By Ashley Dunkak

Hours after polls ranked Michigan State basketball the No. 1 team in the nation for just the third time in school history, head coach Tom Izzo and company stayed undefeated by beating Portland, 82-67.

The only issue was the Spartans played the home game in an arena that reportedly contained thousands of empty seats, especially in the student section.

Though the game is technically labeled a sellout because of tickets sold, not everyone showed up and the lack of attendance bothered Izzo to the point he spoke at length about the issue at the team’s post-game press conference.

According to, Izzo said he felt “disappointment” at the small crowd and it “had an effect on a lot of people … including me.” The coach also said he has “thousands of people who are dying to come” to games and suggested those with tickets who aren’t attending should give their tickets to those who do want to show up.

Attendance for games against lesser opponents – and many non-conference foes on the schedule fit the bill – is a problem that schools across the country are trying to solve. At Kansas State, a points system of recent years required students to attend (or at least scan their tickets at the stadium) a certain number of games in order to attend the big rivalry game against perennial national title contender Kansas.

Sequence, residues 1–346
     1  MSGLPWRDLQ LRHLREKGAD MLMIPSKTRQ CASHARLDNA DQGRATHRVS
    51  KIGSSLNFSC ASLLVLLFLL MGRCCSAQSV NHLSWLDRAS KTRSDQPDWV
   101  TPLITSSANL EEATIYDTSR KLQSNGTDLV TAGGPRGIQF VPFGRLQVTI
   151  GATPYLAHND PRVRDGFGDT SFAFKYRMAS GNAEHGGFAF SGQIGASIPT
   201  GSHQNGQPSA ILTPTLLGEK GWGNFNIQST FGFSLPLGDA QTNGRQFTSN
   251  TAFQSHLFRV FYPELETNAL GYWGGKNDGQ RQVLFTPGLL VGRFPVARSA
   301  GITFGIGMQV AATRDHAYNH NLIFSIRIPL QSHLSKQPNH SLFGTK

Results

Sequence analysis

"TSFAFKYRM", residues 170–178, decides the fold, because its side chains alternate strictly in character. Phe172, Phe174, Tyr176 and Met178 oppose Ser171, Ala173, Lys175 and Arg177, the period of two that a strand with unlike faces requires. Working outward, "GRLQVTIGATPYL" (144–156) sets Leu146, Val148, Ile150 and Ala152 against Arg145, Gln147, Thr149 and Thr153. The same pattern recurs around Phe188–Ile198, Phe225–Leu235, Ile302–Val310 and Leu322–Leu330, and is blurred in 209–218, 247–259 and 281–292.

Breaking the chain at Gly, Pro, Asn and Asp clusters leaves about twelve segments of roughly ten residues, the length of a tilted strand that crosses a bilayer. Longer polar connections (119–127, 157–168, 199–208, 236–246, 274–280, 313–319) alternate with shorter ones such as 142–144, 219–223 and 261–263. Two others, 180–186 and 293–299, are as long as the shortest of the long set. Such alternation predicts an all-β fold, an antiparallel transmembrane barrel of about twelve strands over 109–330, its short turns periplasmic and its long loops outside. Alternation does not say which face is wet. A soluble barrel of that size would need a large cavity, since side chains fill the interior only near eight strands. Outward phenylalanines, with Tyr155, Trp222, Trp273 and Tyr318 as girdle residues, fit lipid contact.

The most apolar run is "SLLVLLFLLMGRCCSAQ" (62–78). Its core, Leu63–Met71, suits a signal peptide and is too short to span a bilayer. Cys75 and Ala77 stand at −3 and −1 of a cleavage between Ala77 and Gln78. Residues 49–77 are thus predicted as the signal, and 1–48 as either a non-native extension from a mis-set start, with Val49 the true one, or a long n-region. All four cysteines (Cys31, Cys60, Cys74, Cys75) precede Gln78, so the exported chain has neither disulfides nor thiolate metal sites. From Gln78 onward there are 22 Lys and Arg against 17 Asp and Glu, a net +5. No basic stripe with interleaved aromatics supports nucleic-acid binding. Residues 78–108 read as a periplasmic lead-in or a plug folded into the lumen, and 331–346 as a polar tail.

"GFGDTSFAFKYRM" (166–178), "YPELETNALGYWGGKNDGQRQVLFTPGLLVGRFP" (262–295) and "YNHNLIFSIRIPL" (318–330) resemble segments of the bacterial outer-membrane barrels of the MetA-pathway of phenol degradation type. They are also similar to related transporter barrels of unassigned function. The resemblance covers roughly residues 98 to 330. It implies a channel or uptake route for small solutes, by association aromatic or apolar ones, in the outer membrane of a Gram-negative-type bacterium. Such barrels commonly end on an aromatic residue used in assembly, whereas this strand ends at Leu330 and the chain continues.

According to the Wall Street Journal, average home attendance at men’s games in the Atlantic Coast Conference fell in each of the past four seasons, falling 13.5 percent between 2012 and 2006.

“At Maryland, attendance dropped 24 percent in six years, prompting a student-led online campaign to encourage others to show up,” the WSJ added.

Trying to get fans to show up for women’s games is even more of an issue. The Wildcats used bacon to entice fans to show up at one women’s game this season, and Colorado has taken the incentive approach to an entirely new (and much more strict) level by forcing fans to stay for an entire Buffaloes women’s game in order to pick up their tickets for the men’s game against the Jayhawks. It’ll be enforced by a seemingly complicated system of exchanging wristbands for tickets at a certain point and under the watchful eyes of officials.  

Here’s where Michigan State stacks up, per Indiana led the Big Ten in attendance, and ranked fifth nationally with an average of 17,412 fans per game; Michigan State came in 18th with 14,341 on average.

Michigan averaged 10,640 fans at 19 home games, according to the Ann Arbor News.


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